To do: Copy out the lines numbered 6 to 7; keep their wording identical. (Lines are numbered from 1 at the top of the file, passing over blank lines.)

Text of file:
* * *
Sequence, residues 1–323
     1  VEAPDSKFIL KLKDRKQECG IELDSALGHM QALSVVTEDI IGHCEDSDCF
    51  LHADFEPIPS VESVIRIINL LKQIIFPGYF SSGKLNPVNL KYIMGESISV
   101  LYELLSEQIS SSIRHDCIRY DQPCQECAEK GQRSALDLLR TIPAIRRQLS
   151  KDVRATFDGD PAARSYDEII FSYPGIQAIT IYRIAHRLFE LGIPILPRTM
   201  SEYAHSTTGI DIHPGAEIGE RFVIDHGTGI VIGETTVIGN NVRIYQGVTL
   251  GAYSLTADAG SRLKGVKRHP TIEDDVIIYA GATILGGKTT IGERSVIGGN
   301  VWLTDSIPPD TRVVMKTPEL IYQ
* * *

   201  SEYAHSTTGI DIHPGAEIGE RFVIDHGTGI VIGETTVIGN NVRIYQGVTL
   251  GAYSLTADAG SRLKGVKRHP TIEDDVIIYA GATILGGKTT IGERSVIGGN